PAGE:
The MissingIndicator transformer is useful to transform a dataset into corresponding binary matrix indicating the presence of missing values in the dataset. This transformation is useful in conjunction with imputation. When using imputation, preserving the information about which values had been missing can be informative.

NaN is usually used as the placeholder for missing values. However, it enforces the data type to be float. The parameter missing_values allows to specify other placeholder such as integer. In the following example, we will use -1 as missing values:

>>> from sklearn.impute import MissingIndicator
>>> X = np.array([[-1, -1, 1, 3],
...               [4, -1, 0, -1],
...               [8, -1, 1, 0]])
>>> indicator = MissingIndicator(missing_values=-1)
>>> mask_missing_values_only = indicator.fit_transform(X)
>>> mask_missing_values_only
array([[ True,  True, False],
       [False,  True,  True],
       [False,  True, False]])

The features parameter is used to choose the features for which the mask is constructed. By default, it is 'missing-only' which returns the imputer mask of the features containing missing values at fit time:

>>> indicator.features_
array([0, 1, 3])

The features parameter can be set to 'all' to returned all features whether or not they contain missing values:

>>> indicator = MissingIndicator(missing_values=-1, features="all")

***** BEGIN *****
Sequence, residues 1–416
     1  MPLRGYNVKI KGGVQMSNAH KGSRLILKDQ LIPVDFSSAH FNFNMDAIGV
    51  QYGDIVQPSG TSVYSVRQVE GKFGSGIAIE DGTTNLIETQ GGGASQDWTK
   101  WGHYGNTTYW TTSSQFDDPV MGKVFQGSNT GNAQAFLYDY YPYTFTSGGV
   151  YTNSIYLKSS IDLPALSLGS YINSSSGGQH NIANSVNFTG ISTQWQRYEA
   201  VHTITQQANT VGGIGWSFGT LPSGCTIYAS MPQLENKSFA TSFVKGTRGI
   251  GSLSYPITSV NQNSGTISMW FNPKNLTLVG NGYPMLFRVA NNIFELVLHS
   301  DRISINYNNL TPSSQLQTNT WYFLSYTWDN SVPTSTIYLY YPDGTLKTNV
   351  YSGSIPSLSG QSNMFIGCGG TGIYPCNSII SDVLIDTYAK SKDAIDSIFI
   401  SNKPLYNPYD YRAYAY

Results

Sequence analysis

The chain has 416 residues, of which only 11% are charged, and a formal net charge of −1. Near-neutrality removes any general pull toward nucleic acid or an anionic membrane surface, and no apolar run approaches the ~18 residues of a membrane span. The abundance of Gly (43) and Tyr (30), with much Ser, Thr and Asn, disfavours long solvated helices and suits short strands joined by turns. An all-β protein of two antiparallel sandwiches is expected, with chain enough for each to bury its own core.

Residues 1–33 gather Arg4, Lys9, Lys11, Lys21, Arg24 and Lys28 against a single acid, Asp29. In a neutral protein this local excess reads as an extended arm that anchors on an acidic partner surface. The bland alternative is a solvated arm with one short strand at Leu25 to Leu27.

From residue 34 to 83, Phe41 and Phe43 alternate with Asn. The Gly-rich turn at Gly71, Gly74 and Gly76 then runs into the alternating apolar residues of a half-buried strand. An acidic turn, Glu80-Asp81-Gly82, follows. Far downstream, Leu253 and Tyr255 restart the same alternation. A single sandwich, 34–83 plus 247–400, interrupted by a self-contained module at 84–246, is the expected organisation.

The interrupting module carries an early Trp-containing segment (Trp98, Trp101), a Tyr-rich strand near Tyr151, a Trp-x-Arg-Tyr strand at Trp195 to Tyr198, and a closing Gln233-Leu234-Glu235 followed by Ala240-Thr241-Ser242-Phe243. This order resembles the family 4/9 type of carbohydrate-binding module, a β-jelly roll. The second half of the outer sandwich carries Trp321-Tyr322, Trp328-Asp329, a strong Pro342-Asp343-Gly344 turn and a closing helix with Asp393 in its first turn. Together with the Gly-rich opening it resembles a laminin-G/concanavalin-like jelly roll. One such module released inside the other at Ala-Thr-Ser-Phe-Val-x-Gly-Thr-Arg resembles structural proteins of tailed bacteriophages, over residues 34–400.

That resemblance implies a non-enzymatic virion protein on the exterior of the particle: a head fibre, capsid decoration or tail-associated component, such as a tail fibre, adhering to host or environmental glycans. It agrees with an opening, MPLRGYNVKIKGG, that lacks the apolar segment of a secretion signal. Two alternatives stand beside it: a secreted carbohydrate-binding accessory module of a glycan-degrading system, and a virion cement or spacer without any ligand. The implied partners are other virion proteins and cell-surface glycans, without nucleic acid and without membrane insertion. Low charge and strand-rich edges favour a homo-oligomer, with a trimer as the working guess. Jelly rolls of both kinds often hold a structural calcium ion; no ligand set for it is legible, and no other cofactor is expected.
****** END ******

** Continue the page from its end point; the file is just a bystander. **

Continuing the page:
>>> mask_all = indicator.fit_transform(X)
>>> mask_all
array([[ True,  True, False, False],
       [False,  True, False,  True],
       [False,  True, False, False]])
>>> indicator.features_
array([0, 1, 2, 3])

When using the MissingIndicator in a Pipeline, be sure to use the FeatureUnion or ColumnTransformer to add the indicator features to the regular features. First we obtain the iris dataset, and add some missing values to it.

>>> from sklearn.datasets import load_iris
>>> from sklearn.impute import SimpleImputer, MissingIndicator
>>> from sklearn.model_selection import train_test_split
>>> from sklearn.pipeline import FeatureUnion, make_pipeline
>>> from sklearn.tree import DecisionTreeClassifier
>>> X, y = load_iris(return_X_y=True)
>>> mask = np.random.randint(0, 2, size=X.shape).astype(np.bool)
>>> X[mask] = np.nan
>>> X_train, X_test, y_train, _ = train_test_split(X, y, test_size=100,
...                                                random_state=0)

Now we create a FeatureUnion. All features will be imputed using SimpleImputer, in order to enable classifiers to work with this data. Additionally, it adds the the indicator variables from MissingIndicator.

>>> transformer = FeatureUnion(
...     transformer_list=[
...         ('features', SimpleImputer(strategy='mean')),
...         ('indicators', MissingIndicator())])
>>> transformer = transformer.fit(X_train, y_train)
>>> results = transformer.transform(X_test)
>>> results.shape
(100, 8)

Of course, we cannot use the transformer to make any predictions. We should wrap this in a Pipeline with a classifier (e.g., a DecisionTreeClassifier) to be able to make predictions.

>>> clf = make_pipeline(transformer, DecisionTreeClassifier())
>>> clf = clf.fit(X_train, y_train)
>>> results = clf.predict(X_test)
>>> results.shape